Well... How did I get here?But as the buzzing got more insistent, it seemed that this fly must have a hell of a hefty body to be producing such a racket. I heaved the lazy cat off my lap and got up to check it out. Imagine my surprise when I saw a tiny hummingbird pounding away at the skylight, trying desperately to get out!

Instantly, a feeling of panic came over me. What to do? The poor thing was obviously injuring herself as she plied futiley at the glass. I looked around to see if there was a way to crank open the window, or maybe a button to do it automatically, but it seemed to be a fixed, unopenable skylight. Now what?

My first thought was to chase it from the skylight to the open door. I grabbed a broom, but this just panicked the hummingbird even more, and she beat her wings even louder, pounding against the glass in a desperate attempt to escape the broom. Attempt #1: Fail.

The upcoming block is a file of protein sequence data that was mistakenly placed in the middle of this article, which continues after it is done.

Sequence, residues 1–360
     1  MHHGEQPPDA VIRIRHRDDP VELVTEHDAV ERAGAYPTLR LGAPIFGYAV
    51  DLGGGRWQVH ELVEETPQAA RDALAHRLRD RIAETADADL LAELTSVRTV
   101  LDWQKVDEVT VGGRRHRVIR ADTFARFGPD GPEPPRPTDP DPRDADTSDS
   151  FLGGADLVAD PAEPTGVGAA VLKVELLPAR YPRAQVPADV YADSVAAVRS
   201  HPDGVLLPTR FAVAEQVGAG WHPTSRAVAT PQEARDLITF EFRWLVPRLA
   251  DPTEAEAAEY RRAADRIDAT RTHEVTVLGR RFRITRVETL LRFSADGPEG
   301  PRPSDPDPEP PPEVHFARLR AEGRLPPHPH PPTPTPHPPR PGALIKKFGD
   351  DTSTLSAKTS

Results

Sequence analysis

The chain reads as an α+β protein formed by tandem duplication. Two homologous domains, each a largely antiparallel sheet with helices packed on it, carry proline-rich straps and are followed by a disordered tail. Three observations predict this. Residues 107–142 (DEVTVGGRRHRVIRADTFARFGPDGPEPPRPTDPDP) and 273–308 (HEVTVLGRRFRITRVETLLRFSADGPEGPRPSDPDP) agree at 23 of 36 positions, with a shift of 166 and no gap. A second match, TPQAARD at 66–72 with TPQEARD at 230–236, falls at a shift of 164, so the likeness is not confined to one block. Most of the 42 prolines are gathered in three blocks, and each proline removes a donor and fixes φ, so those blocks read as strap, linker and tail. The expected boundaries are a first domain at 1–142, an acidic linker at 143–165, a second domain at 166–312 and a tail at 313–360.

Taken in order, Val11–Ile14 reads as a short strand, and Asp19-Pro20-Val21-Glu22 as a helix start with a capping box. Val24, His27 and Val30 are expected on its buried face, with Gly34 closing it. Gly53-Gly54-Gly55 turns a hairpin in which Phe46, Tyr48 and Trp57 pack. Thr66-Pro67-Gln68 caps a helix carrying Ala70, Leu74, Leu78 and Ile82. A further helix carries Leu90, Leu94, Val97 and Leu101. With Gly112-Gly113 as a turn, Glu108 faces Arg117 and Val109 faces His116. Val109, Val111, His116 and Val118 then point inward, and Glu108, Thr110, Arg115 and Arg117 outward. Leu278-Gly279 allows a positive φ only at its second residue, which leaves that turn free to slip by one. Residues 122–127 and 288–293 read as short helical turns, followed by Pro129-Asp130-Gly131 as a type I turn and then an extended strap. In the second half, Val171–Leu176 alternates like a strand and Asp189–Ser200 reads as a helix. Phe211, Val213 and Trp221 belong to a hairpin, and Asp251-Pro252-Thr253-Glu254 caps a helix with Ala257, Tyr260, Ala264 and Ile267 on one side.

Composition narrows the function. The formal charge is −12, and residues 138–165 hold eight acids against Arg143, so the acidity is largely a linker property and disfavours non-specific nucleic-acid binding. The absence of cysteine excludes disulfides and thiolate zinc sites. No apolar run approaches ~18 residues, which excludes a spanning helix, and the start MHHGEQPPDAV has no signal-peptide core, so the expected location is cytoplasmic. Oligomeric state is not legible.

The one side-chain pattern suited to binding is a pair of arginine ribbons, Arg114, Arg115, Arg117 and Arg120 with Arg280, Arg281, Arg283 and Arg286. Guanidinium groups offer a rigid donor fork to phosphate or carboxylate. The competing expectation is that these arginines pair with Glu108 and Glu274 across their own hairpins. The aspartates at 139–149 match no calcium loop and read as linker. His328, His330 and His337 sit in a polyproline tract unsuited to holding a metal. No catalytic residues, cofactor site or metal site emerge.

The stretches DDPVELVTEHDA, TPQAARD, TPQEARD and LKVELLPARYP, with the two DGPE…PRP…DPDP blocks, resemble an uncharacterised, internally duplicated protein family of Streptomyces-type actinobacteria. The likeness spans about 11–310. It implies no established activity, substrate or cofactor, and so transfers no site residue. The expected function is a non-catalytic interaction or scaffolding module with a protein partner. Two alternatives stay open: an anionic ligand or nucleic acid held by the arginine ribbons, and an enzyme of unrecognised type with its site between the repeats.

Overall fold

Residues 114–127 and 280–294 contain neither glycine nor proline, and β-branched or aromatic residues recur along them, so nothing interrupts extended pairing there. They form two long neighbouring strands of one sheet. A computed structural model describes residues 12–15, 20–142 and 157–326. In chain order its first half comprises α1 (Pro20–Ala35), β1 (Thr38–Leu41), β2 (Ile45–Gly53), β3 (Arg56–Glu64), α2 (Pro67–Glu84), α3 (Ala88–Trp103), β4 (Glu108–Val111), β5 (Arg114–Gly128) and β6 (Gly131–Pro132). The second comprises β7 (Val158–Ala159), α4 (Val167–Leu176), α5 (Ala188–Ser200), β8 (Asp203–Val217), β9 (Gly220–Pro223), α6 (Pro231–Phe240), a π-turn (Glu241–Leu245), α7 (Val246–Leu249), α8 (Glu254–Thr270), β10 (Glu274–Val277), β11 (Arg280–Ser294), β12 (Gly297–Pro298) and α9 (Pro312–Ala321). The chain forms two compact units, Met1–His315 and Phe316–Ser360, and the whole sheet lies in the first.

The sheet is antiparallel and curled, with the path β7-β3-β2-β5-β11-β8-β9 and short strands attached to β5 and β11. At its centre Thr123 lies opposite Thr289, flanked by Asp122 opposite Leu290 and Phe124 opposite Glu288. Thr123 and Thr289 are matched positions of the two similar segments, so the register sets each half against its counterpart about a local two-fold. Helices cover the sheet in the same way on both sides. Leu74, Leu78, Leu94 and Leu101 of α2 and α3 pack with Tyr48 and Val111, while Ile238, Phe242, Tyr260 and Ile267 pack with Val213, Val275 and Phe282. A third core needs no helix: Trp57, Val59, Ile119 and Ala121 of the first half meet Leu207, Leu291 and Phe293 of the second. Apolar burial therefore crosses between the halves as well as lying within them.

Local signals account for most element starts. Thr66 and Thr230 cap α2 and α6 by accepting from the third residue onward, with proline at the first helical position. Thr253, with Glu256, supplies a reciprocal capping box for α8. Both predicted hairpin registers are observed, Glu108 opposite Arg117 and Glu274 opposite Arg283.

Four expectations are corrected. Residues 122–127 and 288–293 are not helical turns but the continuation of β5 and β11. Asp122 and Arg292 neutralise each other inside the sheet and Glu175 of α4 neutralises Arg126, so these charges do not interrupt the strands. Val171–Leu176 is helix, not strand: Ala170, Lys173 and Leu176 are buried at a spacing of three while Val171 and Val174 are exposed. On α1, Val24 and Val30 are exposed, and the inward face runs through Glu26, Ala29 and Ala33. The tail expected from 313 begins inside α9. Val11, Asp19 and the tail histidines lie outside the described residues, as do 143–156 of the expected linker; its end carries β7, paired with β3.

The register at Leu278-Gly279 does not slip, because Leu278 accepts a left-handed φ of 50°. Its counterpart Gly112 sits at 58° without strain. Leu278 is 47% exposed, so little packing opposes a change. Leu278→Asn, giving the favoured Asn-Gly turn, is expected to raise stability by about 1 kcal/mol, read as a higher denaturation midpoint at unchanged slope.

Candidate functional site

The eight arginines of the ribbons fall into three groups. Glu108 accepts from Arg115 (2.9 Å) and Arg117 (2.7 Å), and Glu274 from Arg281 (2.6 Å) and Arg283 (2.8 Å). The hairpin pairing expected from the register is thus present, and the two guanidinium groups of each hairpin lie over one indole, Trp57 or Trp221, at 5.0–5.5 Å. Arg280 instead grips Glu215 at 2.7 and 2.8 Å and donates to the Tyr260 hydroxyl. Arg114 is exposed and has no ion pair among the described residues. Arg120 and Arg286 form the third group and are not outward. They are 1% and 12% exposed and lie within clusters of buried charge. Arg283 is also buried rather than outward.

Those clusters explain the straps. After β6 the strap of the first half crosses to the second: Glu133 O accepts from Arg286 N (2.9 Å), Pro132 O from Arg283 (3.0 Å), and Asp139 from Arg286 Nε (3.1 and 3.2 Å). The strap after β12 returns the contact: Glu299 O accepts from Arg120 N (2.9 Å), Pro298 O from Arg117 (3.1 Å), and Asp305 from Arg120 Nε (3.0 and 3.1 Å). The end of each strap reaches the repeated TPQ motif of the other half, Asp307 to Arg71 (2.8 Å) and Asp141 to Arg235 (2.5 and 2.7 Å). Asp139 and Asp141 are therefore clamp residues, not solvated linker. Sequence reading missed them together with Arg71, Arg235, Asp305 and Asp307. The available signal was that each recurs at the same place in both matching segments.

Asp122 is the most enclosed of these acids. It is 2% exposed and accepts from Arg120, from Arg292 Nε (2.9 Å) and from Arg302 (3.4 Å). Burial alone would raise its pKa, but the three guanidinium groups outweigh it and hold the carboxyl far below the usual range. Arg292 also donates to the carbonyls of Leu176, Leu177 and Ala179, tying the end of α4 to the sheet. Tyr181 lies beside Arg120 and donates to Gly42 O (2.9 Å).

Then I grabbed the pool skimmer, which was unfortunately about as long as the 1980 Fleetwood Cadillac I learned to drive on. I managed to maneuver the Jolly Green Giant's Pool Net through the sliding door and around the kitchen island, only banging a wall or two and managing not to knock anything over, but the net itself was too rigid and the whole ensemble itself simply too unwieldy for me to snag the bird.

Things were not looking good.

I decided to give it a break, and hit up some of the birding communities on the Internet for some advice. The general consensus was: Scare her down, then try to grab her and let her free. So there we were. Dina + Broom vs. Bird, Take 2.